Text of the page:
43 44

Id. 431 U.S. 720, 726 (1977) (explaining that the concrete blocks pass from the manufacturer to masonry contractors and to general contractors before reaching the governmental entities). 45 Id. at 728-29. 46 See e.g. In re Relafen Antitrust Litigation, 360 F.Supp.2d 166 (D. Mass. 2005) (Relafen).

no. 01-1652 (D.N.J. Mar. 1, 2007) (K-DUR). Id. at 17 citing Associated General Contractors, 459 U.S. at 542. 49 591 F. Supp. 608 (N.D.N.Y. 1984). 50 Id. at 614. 51 229 U.S.P.Q. 61 (D.N.J. 1986) ("Carrot Components").


Inc..52 In Asahi Glass, the plaintiff was a supplier of the paroxetine, active ingredient in a generic version of the drug Paxil. Asahi sued the defendant, GlaxoSmithKline (Glaxo) in a declaratory judgment action similar to Carrot Components in an effort to have the patent for Paxil declared invalid. To show the directness of injury requirement Asahi argued that its potential customers were not purchasing its paroxetine product because they feared being sued by Glaxo.53 Judge Posner observed that if plaintiff's potential customers were deterred by Glaxo's threat of suit, then those customers had a cause of action against Glaxo. However, Asahi had no right to bring an action on that basis. Asahi Glass notes in dicta that direct purchasers who face suit have standing to pursue Walker Process claims, but a supplier who is not the target of a suit by a patent holder, does not have standing to bring a Walker Process claim. Mr. Orlofsky noted that Remeron consolidated Indium and Carrot Components to create what would become the majority rule: ―Plaintiffs, as direct purchasers, 1) never had the '099 patent enforced against them, 2) were never threatened with such enforcement, and 3) were not in a position to manufacture a competing generic version of 54 mirtazapine.‖ Essentially, one of those is required for Walker Process standing, otherwise the plaintiffs are ―donning the cloak of a Clayton Act monopolization claim….‖55

The only case Mr. Orlofsky could find that cut the other way was Molecular Diagnostics Labs. v. Hoffman-LaRoche, Inc., which departed from all existing case law at that moment.56 In Molecular Diagnostics, the plaintiff, a direct purchaser of the subject patented product, brought suit under Section 1 of the Sherman Act charging that it had been forced to pay artificially inflated prices for the product as a result of defendants' enforcement of the patent, which plaintiffs allege was obtained by fraud on the PTO. The Court distinguished Carrot Companies because here the customers were plaintiffs and distinguished Remeron by its poor reasoning.57 Judge Kennedy explained that the purpose of Illinois Brick was not to limit antitrust plaintiffs, but to ensure the correct one was in court: Examining these factors, the court sees no reason to limit standing to competitors. While entities facing enforcement actions are more likely to rely on Walker Process, this reflects more that they are in a stronger position to detect wrongdoing than a Congressional preference. If one believes that one of the primary purposes of a treble damages action is deterrence, then increasing the number of parties scrutinizing the actions of potential monopolists will further that goal. Moreover, because direct purchasers have frequent interactions with the defendants, they have a strong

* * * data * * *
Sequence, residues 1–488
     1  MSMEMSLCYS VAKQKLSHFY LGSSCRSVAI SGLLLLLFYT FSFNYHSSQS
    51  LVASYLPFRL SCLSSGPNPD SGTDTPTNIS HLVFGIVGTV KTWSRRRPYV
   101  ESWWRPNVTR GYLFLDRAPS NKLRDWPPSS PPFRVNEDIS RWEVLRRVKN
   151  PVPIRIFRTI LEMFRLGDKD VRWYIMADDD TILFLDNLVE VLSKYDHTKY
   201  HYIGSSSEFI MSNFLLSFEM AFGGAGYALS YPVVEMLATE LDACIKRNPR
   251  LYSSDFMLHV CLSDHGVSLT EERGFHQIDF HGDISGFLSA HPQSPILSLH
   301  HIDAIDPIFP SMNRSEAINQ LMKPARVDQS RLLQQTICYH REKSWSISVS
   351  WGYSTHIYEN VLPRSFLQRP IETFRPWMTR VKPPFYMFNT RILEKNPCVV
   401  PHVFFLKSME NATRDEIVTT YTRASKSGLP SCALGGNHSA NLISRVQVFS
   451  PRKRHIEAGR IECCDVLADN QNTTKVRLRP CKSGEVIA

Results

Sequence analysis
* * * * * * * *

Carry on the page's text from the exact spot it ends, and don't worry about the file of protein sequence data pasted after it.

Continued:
289 F.Supp.2d 986 (N.D. Ill. 2003) ("Asahi Glass"). 53 Id. at 989. 54 Remeron, 335 F.Supp.2d at 529. 55 Id.; Clayton Antitrust Act of 1914, 15 U.S.C. §§ 12-27. The Clayton Act can be used as a vehicle to enforce a Sherman Act monopolization claim, but does not create a claim in itself for fraud upon the USPTO. Walker Process, 382 U.S. at 178.

402 F.Supp.2d 276 (D.D.C. 2005) ("Molecular Diagnostics"). 57 Id. at 280 (―The holding cites no controlling precedent, nor offers any compelling justification for its conclusion.)